Demolition began Monday on Columbia 
University's Baker Field, ending the 60-
year saga of the nation's oldest wooden 
major sports stadium. 
   Columbia began playing its home football 
games at Baker Field in 1923 and the 
stadium is being razed to make way for a 
20,000-seat concrete stadium to be ready 
for the 1984 season. 
   "It's really a good thing," said Cliff 
Montgomery, quarterback of the Columbia 
football team that won the 1934 Rose Bowl 
against Stanford. "When I played here, many 
of us on the team worked here in the summer 
to help maintain the stadium. We would 
paint it, repair it, nail down the loose 
boards and clean it up. We also painted the 
fence on Broadway and the people going to 
work in the mornings used to ask us when we 
would finish painting. 
   "What they didn't know was we used to 
knock off at about 2 o'clock and go up to 
Yankee Stadium or the Polo Grounds to watch 
the baseball games." 
   At that time, the New York Giants, now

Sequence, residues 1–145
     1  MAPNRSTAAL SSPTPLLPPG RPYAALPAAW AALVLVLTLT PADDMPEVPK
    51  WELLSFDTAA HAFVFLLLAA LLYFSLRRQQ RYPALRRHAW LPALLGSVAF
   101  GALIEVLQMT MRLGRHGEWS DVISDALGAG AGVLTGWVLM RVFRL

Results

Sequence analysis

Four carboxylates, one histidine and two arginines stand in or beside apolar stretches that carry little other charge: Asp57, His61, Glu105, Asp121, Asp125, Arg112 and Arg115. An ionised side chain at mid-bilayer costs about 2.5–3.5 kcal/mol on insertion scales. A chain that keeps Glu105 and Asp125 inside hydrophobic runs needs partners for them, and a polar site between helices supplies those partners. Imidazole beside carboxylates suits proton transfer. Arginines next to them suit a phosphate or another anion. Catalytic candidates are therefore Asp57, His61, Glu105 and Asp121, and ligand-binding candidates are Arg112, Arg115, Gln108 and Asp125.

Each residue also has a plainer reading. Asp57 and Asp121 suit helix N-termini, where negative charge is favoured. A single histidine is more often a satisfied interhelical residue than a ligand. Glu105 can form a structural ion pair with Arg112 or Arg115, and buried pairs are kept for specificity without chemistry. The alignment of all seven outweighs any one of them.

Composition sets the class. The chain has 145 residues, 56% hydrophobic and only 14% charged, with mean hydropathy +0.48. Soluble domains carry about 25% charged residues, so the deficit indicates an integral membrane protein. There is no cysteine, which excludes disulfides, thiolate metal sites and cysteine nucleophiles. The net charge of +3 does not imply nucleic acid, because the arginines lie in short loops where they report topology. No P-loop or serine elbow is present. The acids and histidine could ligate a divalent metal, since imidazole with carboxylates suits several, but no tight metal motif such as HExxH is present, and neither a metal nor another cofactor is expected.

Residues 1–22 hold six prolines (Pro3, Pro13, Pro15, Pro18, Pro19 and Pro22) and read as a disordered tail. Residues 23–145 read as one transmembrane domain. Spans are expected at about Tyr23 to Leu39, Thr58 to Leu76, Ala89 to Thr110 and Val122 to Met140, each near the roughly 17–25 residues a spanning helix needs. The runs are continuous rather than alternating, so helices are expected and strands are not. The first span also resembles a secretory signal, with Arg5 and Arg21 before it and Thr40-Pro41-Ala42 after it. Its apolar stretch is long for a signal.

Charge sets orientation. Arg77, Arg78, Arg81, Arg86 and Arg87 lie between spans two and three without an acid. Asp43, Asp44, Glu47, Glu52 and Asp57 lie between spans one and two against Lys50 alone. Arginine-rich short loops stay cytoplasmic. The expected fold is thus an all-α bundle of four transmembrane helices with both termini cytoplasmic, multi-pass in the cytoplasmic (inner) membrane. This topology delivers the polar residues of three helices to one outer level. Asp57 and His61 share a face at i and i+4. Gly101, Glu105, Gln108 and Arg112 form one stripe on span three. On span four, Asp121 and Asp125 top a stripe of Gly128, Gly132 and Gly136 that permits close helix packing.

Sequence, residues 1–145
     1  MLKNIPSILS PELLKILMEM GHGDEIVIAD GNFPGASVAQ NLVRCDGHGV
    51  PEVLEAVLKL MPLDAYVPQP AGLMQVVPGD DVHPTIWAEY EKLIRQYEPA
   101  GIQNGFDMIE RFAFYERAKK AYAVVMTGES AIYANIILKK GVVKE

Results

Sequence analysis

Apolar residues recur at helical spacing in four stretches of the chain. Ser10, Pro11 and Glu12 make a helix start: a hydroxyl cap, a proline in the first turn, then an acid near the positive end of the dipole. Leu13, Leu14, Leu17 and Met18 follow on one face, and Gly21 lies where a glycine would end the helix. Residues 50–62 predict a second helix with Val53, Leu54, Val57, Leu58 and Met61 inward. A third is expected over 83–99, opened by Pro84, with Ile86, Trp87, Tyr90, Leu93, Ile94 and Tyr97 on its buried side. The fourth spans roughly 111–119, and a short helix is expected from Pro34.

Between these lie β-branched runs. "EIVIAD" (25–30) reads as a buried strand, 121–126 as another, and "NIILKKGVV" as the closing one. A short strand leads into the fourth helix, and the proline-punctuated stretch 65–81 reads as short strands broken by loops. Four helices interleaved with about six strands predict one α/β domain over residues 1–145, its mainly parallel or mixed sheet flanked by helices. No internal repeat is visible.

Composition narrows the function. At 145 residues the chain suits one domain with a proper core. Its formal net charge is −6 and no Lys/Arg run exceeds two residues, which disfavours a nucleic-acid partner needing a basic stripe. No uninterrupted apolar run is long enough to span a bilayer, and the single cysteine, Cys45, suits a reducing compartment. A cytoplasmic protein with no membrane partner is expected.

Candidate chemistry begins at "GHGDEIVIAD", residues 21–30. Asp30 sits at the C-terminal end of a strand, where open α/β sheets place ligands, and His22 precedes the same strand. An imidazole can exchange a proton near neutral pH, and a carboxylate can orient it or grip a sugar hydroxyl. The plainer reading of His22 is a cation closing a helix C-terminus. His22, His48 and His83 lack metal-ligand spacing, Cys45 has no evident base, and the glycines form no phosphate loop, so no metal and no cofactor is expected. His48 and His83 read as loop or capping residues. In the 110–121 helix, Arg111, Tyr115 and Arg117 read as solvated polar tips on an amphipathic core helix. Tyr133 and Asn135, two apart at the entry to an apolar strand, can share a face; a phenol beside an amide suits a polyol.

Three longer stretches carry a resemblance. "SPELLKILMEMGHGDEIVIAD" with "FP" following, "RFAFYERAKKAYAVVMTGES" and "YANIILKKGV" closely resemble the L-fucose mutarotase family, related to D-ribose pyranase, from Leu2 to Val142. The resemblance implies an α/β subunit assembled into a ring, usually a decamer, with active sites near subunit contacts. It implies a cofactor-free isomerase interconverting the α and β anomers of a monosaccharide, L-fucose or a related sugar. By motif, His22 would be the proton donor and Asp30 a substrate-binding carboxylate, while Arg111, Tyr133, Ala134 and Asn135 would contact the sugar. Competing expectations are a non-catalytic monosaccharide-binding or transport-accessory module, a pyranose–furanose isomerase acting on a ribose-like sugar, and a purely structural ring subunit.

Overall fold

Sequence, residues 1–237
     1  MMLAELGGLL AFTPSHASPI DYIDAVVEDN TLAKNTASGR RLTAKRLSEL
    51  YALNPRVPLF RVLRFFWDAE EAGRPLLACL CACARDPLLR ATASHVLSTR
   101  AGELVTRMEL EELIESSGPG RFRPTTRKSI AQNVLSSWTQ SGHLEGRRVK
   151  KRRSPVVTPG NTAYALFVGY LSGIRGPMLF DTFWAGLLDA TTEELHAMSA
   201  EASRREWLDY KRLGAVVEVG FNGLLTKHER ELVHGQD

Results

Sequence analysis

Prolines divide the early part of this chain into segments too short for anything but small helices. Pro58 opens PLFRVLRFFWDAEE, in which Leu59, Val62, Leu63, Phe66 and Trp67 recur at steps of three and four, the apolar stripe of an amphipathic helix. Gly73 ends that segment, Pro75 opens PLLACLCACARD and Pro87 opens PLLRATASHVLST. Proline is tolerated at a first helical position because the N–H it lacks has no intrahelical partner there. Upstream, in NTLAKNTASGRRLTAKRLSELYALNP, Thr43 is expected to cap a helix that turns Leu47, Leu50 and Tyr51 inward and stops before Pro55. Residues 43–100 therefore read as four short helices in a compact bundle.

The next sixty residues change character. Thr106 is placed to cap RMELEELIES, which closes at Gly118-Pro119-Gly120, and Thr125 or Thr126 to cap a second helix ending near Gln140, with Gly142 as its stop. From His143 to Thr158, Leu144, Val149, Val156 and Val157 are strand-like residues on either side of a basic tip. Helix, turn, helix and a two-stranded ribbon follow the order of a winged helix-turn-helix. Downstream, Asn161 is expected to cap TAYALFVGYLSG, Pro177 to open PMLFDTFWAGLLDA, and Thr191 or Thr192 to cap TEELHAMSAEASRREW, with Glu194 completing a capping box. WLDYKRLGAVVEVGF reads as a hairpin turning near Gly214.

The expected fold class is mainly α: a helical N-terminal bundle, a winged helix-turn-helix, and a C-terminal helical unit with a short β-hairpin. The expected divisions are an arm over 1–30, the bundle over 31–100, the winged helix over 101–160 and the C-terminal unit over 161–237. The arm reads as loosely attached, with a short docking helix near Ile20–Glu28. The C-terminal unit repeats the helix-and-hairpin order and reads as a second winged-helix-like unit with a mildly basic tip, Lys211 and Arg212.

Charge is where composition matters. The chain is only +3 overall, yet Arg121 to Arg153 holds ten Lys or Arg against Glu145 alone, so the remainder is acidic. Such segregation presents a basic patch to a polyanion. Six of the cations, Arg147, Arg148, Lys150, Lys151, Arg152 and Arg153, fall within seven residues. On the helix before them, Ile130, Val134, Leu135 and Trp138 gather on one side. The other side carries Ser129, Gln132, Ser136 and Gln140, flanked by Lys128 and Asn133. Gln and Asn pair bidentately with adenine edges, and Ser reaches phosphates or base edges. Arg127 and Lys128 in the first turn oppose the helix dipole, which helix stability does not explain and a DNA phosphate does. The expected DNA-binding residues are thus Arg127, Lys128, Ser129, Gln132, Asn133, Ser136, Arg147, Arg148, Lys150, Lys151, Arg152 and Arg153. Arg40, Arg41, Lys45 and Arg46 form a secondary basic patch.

located in San Francisco, played at the 
Polo Grounds where Columbia also played an 
occasional football game. 
   "The place was held together by the 
paint," said Al Barabas, the halfback who 
scored the only touchdown in Columbia's 7-0 
victory over Stanford in the 1934 Rose 
Bowl. "There were also, I think, a few 
rubber bands holding it together." 
   Baker Field was also the site of 
Columbia's famous 1947 victory over Army, 
21-20, that ended the Cadets' 34-game 
winning streak. In 1961, Columbia won the 
Ivy League football championship but its 
teams in recent years have been a 
disappointment, except for the performance 
of quarterbacks such as Marty Domres and 
John Witkowski, who last year passed for 
over 3,000 yards. 
   Columbia officials are hopeful that the 
$10 million project will improve the 
school's athletic recruiting. Demolition of 
the old wooden stands is expected to take 
about three weeks with preliminary 
construction work on the new stands 
beginning this summer. 
   Columbia will play its 1983 schedule on 
the road or at neutral sites.